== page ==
“ ..bringing peace to painting for the 21 and 22 century.”- Andre Butzer
Rhona Hoffman Gallery is pleased to present a survey of recent paintings and works on paper by German abstract artist Andre Butzer. This will be his first solo exhibition in the Midwest.
Andre Butzer describes his figurative works from the late 1990’s and early 2000’s as "Science-Fiction-Expressionism” in which mutated comic characters represent historical patronages and address global aspects of history. Simultaneously familiar yet alien, Butzer’s exaggerated figures are deformed to the extent that they become monstrous. In more recent works, Butzer has further abstracted both the figure and picture plane, substituting more recognizable characters with amorphous, flesh-like formations surrounded by bright chords of paint (often painted directly from the paint tube). Such is the case for recent works from the ‘Neo-Cezannismus’ series such as Planetarium Lucky Luke (Neo Cezannismus), 2010 (which references a popular comic-book series created by Belgian cartoonist Morris) and Tote Kuhe im Himmel (Neo Cezannismus), 2011. In Mutterbild (NASAHEIM), 2011, primary colored lines against a gray canvas reference Piet Mondrian, depicting what could be either an aerial view of a landscape or an abstracted path to reach it. The title, ‘Mother-image of Nasaheim,’ refers to Butzer’s fictional place of utopia, a combination of NASA and Anaheim, the city in California in which Disneyland is located. Butzer acknowledges the impossibility of depicting a reality, and experiments with abstraction. Repetition is a crucial component within his paintings as forms, figures, and lines continue to reappear throughout his work in various configurations.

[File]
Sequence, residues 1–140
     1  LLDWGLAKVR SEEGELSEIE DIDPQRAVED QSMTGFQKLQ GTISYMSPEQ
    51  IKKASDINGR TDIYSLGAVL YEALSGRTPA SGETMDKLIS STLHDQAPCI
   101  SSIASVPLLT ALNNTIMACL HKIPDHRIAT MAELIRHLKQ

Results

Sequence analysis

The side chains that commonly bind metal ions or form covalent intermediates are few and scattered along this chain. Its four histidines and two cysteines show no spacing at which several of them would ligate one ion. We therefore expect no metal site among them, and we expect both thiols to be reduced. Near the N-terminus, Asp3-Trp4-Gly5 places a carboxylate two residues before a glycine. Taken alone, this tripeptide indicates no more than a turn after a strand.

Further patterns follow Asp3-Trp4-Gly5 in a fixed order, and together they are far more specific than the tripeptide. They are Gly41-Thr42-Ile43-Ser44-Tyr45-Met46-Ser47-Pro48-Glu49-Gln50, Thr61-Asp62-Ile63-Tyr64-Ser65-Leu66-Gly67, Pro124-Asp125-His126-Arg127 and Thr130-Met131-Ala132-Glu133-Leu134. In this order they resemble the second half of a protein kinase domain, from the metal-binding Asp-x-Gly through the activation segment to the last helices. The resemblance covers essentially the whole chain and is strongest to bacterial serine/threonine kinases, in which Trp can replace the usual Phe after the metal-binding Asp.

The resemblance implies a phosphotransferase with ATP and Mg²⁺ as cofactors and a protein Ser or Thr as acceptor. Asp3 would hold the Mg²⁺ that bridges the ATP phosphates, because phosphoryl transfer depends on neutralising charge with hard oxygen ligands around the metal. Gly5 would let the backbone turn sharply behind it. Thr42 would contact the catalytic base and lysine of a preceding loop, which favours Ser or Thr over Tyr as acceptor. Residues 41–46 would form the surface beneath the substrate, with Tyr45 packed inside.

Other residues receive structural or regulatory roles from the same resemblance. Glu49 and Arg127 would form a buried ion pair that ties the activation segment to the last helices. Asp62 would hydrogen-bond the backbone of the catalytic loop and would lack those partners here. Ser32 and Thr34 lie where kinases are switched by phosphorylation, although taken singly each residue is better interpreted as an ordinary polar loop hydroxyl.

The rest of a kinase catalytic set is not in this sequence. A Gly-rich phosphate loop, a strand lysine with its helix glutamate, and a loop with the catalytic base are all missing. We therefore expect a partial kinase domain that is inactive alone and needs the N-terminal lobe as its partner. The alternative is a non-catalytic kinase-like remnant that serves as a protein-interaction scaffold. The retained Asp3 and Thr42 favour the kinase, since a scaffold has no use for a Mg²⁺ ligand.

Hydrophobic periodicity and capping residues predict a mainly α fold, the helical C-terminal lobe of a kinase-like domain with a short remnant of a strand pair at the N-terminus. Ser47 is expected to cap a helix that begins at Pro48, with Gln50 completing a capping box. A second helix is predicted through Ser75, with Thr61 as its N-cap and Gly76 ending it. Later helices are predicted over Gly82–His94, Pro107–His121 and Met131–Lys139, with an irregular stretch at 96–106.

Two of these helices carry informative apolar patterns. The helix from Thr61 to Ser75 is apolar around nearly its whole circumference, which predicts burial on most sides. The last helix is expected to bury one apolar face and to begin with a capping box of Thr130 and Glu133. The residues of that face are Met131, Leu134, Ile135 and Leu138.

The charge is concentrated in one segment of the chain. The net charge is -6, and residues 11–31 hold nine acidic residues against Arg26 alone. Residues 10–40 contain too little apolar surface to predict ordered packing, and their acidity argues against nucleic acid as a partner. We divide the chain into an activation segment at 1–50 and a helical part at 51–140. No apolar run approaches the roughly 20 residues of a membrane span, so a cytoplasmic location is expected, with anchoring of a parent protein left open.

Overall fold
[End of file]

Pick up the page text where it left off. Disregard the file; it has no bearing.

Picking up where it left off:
As early as 2001 Butzer established the term ‘N’, a golden letter or number he uses to coloristically calculate his canvas. The ‘N’ paintings (exemplified in Untitled, 2011) are phenomenological works. Imbedded in escalations from gray to white are primary colors which allow the painting to simultaneously capture and reflect light. Black constructions in the upper right hand corner leave the left portion of the canvas open, and encourage the viewer to consider the familiarity of the past. The artist describes this work as containing the greatest possible sum of pictures, in which lies infinite possibilities.
Andre Butzer was born in 1973 in Stuttgart, Germany. Recent retrospectives include ‘Probably the Best Abstract Painter in the World’ at the Kestner Society in Hanover in 2011, and ‘Many Dead in the Homeland: Fanta, Sprite, UHT Milk, Mickey and Donald’ at the Kunsthalle Nernberg in 2009. His work has been exhibited in numerous institutions such as the Oldenburger Kunstverein, MUMOK, Vienna, ZKM - Museum fer Kunst und Medientechnologie, Karlsruhe, Kestnergesellschaft, Hanove; Rubell Family Collection, Miami, Collection Goetz, Munich, Museum der Moderne Salzburg, Carre d’art ‘ Musee d’art contemporain de Nemes, Museum am Ostwall, Dortmund, Kunstverein Ulm, Kunsthalle Hamburg, Kunstverein Graz, Kunstverein Frankfurt, and Kunsthalle Baden-Baden.
In 1996 Butzer co-founded the collective Isotope Academy and in 2001, with the artist Bjorn Dahlem, created the Institute for SDI Dream Research. He currently lives and works in Rangsdorf, Germany.